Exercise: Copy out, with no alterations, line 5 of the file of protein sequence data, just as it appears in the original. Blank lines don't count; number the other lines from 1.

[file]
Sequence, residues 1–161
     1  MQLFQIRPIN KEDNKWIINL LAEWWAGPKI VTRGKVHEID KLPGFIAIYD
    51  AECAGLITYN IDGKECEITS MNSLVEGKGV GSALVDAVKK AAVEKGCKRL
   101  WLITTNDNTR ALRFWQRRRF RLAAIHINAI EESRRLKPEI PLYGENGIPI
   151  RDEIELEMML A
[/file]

   151  RDEIELEMML A